Analysis / Opinion:
There is no shortage of US national defense challenges.
China continues to modernize and expand its military, routinely using its growing power to intimidate its neighbors – most recently large-scale airstrikes in Taiwan’s air defenses.
Meanwhile, President Biden has proposed a defense budget that is not even compatible with inflation and reduces the military by 5,000.
Analysts fear the United States is lagging behind in key military technologies such as hypersonic missiles, quantum computing and artificial intelligence. Furthermore, the catastrophic departure from Afghanistan has raised fears that the country could once again become a hotbed of global terrorism.
But the biggest challenge may be something no one is talking about: the Pentagon’s difficulty in attracting enough qualified volunteers to serve in the armed forces.
You would be wrong to think that it would be easy for a nation of 330 million people to attract 160,000 volunteers a year.
The military lost its recruitment target in 2018 and has struggled since then, and other services are struggling. And the problem is that recruitment will become even more difficult in the years to come, to the point where the military may continue to fail to meet its targets.
To get a sense of the difficulties in future recruitment, analysts look at trends in the population, the economy, inefficient factors, experienced influence, the future value of concessions, and public perceptions of military service.
Spoiler alert: Each of these indicators is either trending negatively or stagnating.
The key age bracket for recruitment between the ages of 18 and 24 is estimated to be permanent, which will be around 31 million by 2040, while the overall U.S. population grows, mostly in the older age group. As the United States ages, opportunities for young people will make military service less attractive.
Rising unemployment usually leads to higher recruitment success, but economists predict a gradual return to historic low unemployment, which does not provide any relief for recruitment efforts.
Exposure to veterans has been linked to a growing trend of people volunteering, but the number of veterans in the U.S. population is projected to decline by 1.7 percent annually, from 17 percent by 2030. not enough.
As far as incompetent factors are concerned, youth obesity is expected to reach 24.2% by 2030, and the rate of mental illness among young people has reached 26.3% in 2018 and is expected to increase further. This further reduces the pool of people eligible to serve in the military.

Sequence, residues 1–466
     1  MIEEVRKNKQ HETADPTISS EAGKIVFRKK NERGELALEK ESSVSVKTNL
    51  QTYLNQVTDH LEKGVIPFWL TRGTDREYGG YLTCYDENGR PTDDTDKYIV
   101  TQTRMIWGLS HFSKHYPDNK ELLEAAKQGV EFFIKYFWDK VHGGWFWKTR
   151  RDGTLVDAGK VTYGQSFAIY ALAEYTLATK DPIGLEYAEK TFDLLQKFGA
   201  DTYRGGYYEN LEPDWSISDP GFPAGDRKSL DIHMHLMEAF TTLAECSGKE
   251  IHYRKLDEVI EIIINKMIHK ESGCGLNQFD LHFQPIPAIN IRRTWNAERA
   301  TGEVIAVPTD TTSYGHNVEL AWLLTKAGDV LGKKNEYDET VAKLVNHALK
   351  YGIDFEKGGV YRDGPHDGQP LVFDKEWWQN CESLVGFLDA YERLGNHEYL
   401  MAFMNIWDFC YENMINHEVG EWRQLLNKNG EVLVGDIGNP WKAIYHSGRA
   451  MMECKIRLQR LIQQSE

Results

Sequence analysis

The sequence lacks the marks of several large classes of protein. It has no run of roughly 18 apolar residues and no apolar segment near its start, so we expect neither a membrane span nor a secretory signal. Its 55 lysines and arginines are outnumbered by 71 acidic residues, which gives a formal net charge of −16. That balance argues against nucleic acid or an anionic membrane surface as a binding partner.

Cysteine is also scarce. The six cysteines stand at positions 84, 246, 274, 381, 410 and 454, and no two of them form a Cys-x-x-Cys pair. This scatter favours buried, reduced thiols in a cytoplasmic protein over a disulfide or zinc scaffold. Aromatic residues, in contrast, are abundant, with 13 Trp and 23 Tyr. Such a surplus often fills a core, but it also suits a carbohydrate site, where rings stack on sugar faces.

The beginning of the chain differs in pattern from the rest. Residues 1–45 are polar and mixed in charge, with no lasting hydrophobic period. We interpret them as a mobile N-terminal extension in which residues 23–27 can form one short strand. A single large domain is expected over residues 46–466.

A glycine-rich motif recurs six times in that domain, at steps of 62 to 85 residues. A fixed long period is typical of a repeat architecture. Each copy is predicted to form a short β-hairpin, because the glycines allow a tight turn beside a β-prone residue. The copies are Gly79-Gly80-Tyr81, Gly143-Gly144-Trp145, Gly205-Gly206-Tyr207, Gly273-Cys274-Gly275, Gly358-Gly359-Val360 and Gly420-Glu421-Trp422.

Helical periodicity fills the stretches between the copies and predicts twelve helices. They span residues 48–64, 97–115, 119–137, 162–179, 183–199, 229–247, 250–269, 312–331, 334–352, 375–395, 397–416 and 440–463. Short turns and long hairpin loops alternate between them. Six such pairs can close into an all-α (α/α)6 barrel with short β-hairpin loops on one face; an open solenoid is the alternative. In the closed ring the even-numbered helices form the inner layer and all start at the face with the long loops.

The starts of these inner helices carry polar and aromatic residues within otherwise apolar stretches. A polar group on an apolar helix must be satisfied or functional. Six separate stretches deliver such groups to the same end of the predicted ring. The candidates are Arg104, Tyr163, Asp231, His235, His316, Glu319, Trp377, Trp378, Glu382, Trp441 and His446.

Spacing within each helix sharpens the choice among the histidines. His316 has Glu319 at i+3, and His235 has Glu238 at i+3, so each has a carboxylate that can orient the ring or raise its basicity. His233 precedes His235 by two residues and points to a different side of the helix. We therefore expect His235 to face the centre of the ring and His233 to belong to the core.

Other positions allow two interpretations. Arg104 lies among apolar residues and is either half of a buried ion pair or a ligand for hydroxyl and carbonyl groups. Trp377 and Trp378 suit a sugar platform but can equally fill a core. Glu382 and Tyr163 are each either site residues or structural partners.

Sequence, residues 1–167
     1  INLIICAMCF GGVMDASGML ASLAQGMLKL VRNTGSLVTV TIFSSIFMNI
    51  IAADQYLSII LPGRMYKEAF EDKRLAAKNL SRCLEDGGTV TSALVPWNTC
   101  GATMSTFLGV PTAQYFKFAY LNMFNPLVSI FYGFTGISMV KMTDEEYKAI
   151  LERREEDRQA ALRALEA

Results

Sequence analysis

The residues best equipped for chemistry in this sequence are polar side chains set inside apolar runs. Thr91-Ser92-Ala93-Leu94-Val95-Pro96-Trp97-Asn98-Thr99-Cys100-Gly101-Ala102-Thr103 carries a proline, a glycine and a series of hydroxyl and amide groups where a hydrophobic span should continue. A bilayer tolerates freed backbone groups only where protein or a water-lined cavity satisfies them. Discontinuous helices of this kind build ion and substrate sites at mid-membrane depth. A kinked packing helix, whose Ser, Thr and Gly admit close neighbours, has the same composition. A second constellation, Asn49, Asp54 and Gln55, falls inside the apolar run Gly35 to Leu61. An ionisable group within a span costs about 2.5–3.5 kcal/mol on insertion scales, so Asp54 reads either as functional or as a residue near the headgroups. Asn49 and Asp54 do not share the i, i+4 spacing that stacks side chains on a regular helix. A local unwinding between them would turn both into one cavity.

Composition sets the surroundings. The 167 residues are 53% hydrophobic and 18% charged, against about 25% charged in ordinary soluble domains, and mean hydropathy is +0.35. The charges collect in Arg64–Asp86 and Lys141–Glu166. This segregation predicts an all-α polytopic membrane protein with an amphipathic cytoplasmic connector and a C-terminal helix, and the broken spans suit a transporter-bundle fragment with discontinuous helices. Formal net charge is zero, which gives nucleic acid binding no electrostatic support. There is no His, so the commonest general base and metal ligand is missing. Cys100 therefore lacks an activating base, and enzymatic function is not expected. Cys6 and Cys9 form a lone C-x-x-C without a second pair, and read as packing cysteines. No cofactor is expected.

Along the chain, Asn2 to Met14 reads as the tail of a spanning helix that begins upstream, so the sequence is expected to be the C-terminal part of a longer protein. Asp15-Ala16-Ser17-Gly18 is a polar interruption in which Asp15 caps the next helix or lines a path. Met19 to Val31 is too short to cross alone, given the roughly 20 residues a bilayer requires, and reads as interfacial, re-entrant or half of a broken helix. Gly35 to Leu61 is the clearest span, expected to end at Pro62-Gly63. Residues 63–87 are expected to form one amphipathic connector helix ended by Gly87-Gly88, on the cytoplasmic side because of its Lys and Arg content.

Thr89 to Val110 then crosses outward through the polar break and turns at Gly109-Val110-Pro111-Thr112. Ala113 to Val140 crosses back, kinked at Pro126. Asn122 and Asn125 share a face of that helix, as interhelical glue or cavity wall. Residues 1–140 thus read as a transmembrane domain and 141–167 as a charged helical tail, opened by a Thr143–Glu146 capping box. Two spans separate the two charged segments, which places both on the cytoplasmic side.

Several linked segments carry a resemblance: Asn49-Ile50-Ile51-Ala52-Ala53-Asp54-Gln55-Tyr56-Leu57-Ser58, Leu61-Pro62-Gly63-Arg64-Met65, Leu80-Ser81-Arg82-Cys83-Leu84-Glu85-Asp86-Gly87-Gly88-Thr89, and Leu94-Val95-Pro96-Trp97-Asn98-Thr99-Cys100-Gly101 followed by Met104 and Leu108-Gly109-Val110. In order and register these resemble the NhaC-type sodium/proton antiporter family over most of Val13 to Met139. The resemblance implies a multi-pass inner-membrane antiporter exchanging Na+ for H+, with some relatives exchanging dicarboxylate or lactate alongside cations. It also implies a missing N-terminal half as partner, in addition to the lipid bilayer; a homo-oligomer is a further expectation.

But there is more.
Public confidence in the military – usually very high – has been slipping by nine percentage points over the past decade. The withdrawal of chaos from Afghanistan will probably accelerate this trend.
Every year, more high school students go straight to college. Assuming this trend continues, fewer people will be available to join the military after high school.
Finally, one of the key incentives that encouraged individuals to join the military was the GI Bill, which provides tuition for colleges, if Congress wants to make progressive community colleges free and waive student loans. If you do, the price will go down.
So far, the Department of Defense has chosen to look at the issue through a narrow lens year after year, angrily manipulating bonuses, incentive programs and the number of recruiters to achieve annual goals while recognizing the issue. Failure is getting harder every year.
Furthermore, since each military service is expected to resolve its own issues, which is legally an all-service, national issue, progress is slow and fragmented.
Fortunately, if the United States takes this issue seriously, there are solutions. By disqualifying young people from service, rethinking existing recruitment tools, and engaging with young Americans in a more comprehensive way, we can avoid this problem and secure America’s national security. Can keep
Congress and the executive branch may choose to do nothing and wait until it is a complete crisis, or they can now begin to prepare the United States for what is increasingly dangerous and challenging. Promises the future.
۔ A retired Army lieutenant general, Thomas W. Spohr is the director of the Center for National Defense at the Heritage Foundation.